ORLANDO, FL USA (UroToday.com) - In the emergency setting, the use of urinalysis (UA) for patients with nephrolithiasis produces potentially confusing results.
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In particular, the authors note that the presence of leukocyte esterase is non-specific for infection, because it likely represents ureteral inflammation from nephrolithiasis. In contrast, previous analyses have shown that UA findings of positive nitrites and > 5 white blood cells (WBCs) per high power field (hpf) on microscopy are more suggestive of pyuria in the setting of nephrolithiasis, and warrant treatment. In order to evaluate physicians’ treatment responses to these potentially conflicting lab findings, the authors attempted to evaluate the use of antibiotics in patients with nephrolithiasis.
The authors performed a retrospective analysis of all ED visits within the Cleveland Clinic Northeastern Ohio health system by patients who received a CT scan-confirmed ICD-9 diagnosis of nephrolithiasis between 12/2010 and 4/2013 (a total of approximately 5 000 visits). The study data included assessment of urinalysis and the use of IV and PO antibiotics during the ED visit and at discharge. In accordance with previously established criteria, the authors defined appropriate criteria for antibiotic use as the presence of > 5 WBCs per hpf or positive nitrates. Serum WBC levels were also assessed in order to establish the presence of a systemic inflammatory response.
Urinalysis results were reported for 3 518 patients, which represented 70% of all ED patients with a diagnosis of nephrolithiasis during the study time period. Of these, 237 patients had positive nitrates (6.7%), and 864 had > 5 WBCs per hpf (24.6%). Only 158 patients (4.5%) had both findings. 314 patients (33.2%) received intravenous antibiotics; these patients had either positive nitrates or > 5 WBCs/hpf. Oral antibiotics were given to 731 patients (77.5%) with positive UA findings. Although 132/2 575 patients with a normal UA had elevated serum WBC, a significant proportion of the remaining 2 443 received IV (86, 3.6%) and PO (533, 21.8%) antibiotics at ED discharge.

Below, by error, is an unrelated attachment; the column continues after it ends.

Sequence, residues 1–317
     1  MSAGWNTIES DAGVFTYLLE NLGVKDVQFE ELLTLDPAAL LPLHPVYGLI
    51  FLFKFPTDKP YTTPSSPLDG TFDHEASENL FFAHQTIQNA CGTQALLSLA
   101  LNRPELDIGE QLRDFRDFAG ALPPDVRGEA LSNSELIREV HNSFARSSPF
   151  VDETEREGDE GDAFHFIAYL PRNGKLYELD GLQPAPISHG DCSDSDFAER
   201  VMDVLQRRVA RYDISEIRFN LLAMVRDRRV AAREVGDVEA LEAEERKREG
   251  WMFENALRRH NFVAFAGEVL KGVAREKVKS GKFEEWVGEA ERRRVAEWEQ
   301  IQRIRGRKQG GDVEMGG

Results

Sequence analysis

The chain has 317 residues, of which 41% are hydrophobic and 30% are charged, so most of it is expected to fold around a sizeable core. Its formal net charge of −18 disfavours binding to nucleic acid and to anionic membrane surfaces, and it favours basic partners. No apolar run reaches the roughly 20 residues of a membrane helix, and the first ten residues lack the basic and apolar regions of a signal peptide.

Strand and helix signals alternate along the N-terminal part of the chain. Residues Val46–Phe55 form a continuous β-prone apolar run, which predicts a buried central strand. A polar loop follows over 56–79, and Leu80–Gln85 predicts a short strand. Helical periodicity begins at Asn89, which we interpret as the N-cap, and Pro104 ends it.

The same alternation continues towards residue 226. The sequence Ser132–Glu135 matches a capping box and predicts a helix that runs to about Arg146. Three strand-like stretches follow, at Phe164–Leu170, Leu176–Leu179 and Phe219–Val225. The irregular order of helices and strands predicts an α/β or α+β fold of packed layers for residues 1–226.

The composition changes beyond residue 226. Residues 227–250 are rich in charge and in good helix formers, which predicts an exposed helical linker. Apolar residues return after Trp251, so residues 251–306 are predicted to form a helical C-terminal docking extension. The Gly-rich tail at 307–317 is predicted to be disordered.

Interpretation of the urinalysis in patients with nephrolithiasis lacks a clear standard, yet is vital to the correct implementation of antibiotic therapy in the ED. Although empiric IV antibiotics are commonly used, physicians should ensure that antibiotics are only administered when warranted. In this analysis, undertreatment (did not receive antibiotics when indicated) and overtreatment (received antibiotics when not indicated) were significant. Establishing a standard of care and improving education will improve this practice; further analyses are planned to determine how the role of the urologist (ED consultations, follow-up referrals) could improve this practice.
Presented by Benjamin Larson at the American Urological Association (AUA) Annual Meeting - May 16 - 21, 2014 - Orlando, Florida USA
Glickman Urological and Kidney Institute, Cleveland Clinics, Cleveland, OH USA
Written by Eric Ballon-Landa, BA , University of California (Irvine), and medical writer for UroToday.com